A Grand And Looping Novel
Kimberly Elkins, What Is Visible (New York: Twelve, 2014)
Elkins’ imaginative and historically rich novel, What Is Visible gives readers immediate access to the world and perception of Laura Bridgman, the first woman to learn language from the efforts of Dr. Samuel Gridley Howe, who founded the Perkins School for the Blind. Bridgman lost four of her five senses after recovering from Scarlet Fever at age two and arrived at the Perkins Institute when she was seven years old. She became one of the most famous women of the 19th century, yet her celebrity and accomplishments were eclipsed in history by Helen Keller’s.
Elkins’ Laura is a powerful force; her personality emerges instantly on the page fully formed, commanding attention with a distinct and unforgettable voice. She is the primary narrator of the novel, and while every author makes indispensable choices in respect to perspective, tense, and structure, Elkins’ choice of title points to what also is an unavoidable, moral decision: in order to render Laura’s story authentically and with dignity, a narrative in which readers may participate fully, the reader must experience it from Laura’s perspective. This is Elkins’ great achievement. Although Elkins includes other narrative perspectives, What Is Visible, is to my reckoning, ultimately narrated by and for Laura. It’s her story, the story Laura would tell if she were permitted to so:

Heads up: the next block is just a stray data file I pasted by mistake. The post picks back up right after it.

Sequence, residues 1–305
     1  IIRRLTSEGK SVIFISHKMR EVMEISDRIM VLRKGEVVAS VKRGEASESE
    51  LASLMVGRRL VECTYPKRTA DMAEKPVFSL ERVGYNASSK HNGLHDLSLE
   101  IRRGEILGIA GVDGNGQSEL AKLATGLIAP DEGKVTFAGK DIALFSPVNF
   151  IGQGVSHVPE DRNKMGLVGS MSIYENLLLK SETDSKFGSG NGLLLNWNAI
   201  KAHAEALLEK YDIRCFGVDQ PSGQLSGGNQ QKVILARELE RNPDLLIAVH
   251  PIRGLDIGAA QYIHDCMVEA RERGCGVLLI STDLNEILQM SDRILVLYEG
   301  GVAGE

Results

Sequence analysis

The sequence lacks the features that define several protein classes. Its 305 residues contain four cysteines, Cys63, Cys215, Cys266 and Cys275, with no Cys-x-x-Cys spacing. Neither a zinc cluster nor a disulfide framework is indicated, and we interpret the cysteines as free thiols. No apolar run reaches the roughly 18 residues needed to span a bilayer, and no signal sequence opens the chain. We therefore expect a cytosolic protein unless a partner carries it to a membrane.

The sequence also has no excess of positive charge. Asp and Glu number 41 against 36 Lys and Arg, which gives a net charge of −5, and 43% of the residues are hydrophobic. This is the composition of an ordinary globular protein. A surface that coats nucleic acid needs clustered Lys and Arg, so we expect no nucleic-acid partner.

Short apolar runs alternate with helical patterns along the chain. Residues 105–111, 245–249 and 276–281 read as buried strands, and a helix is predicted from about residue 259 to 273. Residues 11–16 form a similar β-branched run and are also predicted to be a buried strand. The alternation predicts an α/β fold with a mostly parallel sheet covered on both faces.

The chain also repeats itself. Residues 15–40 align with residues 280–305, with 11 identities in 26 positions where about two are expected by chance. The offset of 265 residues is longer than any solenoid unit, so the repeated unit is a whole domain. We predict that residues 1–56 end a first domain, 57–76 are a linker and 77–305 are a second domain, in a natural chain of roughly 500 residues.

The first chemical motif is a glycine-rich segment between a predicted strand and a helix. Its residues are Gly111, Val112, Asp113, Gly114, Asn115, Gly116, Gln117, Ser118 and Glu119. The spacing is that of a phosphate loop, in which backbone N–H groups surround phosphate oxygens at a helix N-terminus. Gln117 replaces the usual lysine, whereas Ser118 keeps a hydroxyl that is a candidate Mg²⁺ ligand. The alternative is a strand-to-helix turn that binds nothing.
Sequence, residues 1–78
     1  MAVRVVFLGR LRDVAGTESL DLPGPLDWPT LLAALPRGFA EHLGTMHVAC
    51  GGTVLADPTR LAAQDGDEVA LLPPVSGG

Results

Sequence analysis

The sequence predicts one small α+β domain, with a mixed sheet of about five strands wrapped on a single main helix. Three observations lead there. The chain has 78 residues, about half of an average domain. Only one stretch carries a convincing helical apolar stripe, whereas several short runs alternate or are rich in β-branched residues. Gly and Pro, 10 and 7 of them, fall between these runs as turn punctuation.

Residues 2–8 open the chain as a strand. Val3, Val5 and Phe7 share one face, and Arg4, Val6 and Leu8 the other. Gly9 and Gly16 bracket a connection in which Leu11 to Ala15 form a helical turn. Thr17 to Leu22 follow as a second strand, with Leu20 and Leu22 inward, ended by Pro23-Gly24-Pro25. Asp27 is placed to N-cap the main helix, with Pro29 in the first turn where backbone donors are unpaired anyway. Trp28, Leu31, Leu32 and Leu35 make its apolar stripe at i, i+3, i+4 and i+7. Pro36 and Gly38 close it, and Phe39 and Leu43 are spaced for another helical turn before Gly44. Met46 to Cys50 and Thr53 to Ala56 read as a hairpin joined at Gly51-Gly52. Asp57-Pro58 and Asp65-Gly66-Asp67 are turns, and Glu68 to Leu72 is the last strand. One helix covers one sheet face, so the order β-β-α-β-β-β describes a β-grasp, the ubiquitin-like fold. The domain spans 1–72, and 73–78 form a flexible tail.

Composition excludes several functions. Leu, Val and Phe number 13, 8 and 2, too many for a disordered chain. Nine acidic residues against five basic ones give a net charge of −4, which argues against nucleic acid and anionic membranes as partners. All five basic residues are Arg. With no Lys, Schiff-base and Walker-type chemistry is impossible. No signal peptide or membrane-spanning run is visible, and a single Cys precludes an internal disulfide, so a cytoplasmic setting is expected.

I want to write out everything—for me, for her—but I am denied the pleasure, or pain, of ever being able to read my own words. You will be able to read them, but I will not. So I write this out into the air, in a grand and looping script, that what is invisible to man may be visible to God (299-300). Continue reading